{Recipe} Grain Free Potstickers

If yesterday’s goodness wasn’t enough for you, I’ve got something extra special for you today. You may have heard that Chinese/Lunar New Year is coming up quickly. Now, I don’t have enough money to hand you all red envelopes, but what I do have is a completely grain free dumpling wrapper recipe.


You did read that right. These little pouches of yum are made from almond and tapioca flour and taste just as yummy as their wheat flour counterparts. The dough is pliable and surprisingly easy to work with, though admittedly, not quite as springy as traditional dumpling wrapper dough.


Dumplings and potstickers are one of my favorite things to eat and make. In fact, when I make a batch I make them by the hundreds and freeze the extras for quick meals later. It’s always a sad day when my freezer dumpling stash runs out.


Anyway, I thought I’d do all my grain-free Asian (or otherwise dumpling loving) peeps a solid and share this recipe for Grain Free Pork & Mushroom Potstickers just in time for the New Year. See? I got your back. Now let’s all go eat some lucky food together. Shall we?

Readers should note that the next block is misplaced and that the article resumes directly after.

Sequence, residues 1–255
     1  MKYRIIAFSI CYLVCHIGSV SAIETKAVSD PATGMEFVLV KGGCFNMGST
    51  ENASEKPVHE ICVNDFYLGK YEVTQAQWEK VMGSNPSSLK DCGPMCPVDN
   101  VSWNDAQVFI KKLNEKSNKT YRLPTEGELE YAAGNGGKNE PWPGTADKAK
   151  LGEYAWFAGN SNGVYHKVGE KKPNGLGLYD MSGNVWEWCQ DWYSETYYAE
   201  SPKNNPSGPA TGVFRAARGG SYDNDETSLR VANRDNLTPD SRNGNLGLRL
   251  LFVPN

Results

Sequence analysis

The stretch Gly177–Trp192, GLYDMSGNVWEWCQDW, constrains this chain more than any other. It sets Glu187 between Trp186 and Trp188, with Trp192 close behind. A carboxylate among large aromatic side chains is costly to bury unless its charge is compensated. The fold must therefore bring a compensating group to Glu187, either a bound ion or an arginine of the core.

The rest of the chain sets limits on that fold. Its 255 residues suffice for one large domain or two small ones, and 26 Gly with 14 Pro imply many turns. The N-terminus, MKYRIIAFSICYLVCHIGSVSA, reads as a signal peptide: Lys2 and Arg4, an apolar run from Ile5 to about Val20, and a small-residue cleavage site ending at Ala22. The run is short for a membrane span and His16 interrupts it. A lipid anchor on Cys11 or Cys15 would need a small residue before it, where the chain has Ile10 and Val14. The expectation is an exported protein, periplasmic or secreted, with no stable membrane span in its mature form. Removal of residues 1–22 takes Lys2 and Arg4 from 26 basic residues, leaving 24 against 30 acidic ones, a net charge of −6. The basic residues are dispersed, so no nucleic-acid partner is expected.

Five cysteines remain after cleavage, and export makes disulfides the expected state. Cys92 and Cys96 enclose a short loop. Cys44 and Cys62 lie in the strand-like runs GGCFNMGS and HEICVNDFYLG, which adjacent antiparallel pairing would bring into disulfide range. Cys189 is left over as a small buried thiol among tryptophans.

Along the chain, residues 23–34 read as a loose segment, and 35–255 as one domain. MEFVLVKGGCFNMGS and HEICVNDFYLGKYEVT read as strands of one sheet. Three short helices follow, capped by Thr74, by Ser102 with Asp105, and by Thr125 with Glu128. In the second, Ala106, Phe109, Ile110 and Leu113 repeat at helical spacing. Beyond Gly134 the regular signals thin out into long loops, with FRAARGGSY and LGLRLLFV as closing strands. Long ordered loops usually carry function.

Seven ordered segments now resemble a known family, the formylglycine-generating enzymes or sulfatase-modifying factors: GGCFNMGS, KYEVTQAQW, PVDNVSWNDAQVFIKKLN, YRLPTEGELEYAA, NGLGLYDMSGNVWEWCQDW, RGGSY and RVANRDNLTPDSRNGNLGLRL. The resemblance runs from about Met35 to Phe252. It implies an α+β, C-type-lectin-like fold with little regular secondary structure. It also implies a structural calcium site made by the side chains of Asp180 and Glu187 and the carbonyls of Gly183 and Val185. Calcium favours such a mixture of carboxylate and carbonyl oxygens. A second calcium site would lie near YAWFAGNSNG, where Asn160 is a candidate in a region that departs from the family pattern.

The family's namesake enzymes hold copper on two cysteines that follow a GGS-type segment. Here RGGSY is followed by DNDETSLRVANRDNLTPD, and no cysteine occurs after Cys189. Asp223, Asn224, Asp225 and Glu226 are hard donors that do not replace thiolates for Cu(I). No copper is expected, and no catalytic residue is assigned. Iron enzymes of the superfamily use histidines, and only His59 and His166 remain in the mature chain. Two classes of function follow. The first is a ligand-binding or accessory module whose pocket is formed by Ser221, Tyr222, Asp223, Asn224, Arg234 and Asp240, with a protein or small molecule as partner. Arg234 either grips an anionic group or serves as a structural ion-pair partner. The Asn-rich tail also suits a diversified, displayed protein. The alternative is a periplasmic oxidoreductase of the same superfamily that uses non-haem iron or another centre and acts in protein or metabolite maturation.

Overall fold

5.0 from 1 reviews
{Recipe} Grain Free Potstickers
Prep time
Cook time
Total time
Cuisine: Chinese, Paleo, Grain Free
Serves: 24-30 potstickers
For the wrappers:
  • 1 cup almond flour
  • 1 cup tapioca flour plus more for sprinkling
  • 4 tsp xanthan gum
  • 1 tsp salt
  • ¾ cup hot water
For the filling:
  • 1 lb ground pork
  • ½ lb shiitake mushrooms
  • 2 lbs napa cabbage
  • 1 bunch green onion
  • 2 cloves garlic
  • 2 Tbs tamari or liquid aminos OR 2 tsp salt
  • 2 Tbs sesame oil
  • black pepper to taste
Make the dough:
  1. Place the almond flour, tapioca flour, xanthan gum and salt in a large bowl and stir to combine.
  2. Add ½ cup of the water and stir until a lumpy dough forms. Drizzle in extra water as needed being careful not to make the dough too sticky.
  3. Knead dough with your hands until mostly smooth.
  4. If dough is too dry, add water a tsp at a time until smooth but not sticky.
  5. If dough is too wet, add almond flour or tapioca flour a Tbs at a time until dough is smooth but not sticky.
  6. Wrap dough in plastic wrap and allow to rest while you prepare the filling.
Prepare the vegetables:
  1. Thinly chop napa cabbage.
  2. Dice the mushrooms.
  3. Thinly slice the green onion.
  4. Mince or press the garlic.